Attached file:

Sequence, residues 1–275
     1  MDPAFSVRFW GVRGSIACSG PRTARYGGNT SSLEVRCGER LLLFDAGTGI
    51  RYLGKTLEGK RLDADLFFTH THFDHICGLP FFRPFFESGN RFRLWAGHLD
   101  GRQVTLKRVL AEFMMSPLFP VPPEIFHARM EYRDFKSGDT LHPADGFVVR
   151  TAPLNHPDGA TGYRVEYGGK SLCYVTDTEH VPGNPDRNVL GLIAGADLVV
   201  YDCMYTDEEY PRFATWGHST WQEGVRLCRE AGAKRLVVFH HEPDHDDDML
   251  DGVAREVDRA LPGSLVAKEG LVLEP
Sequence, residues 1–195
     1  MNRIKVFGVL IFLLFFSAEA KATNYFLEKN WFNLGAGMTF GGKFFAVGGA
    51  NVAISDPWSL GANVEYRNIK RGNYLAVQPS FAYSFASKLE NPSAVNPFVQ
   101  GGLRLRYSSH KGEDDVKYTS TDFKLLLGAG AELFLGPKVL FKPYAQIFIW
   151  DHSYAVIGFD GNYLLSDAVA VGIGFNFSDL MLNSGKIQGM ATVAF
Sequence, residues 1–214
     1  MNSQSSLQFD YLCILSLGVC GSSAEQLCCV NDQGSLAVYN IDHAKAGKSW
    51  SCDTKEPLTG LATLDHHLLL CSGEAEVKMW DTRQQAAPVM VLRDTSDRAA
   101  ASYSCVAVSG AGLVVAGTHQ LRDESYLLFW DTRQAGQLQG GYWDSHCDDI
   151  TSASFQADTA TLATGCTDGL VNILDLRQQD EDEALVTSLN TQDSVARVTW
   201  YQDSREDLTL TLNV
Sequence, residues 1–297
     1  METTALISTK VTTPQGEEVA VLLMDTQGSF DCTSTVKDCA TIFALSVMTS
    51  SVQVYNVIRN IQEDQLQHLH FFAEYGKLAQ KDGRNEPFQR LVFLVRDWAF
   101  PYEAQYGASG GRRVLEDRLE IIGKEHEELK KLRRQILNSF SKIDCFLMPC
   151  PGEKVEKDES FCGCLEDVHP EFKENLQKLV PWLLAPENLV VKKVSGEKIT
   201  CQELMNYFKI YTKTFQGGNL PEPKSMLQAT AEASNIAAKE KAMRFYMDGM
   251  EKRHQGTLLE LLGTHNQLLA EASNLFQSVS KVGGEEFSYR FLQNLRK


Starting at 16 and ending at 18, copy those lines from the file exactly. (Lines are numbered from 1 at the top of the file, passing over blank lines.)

   101  ASYSCVAVSG AGLVVAGTHQ LRDESYLLFW DTRQAGQLQG GYWDSHCDDI
   151  TSASFQADTA TLATGCTDGL VNILDLRQQD EDEALVTSLN TQDSVARVTW
   201  YQDSREDLTL TLNV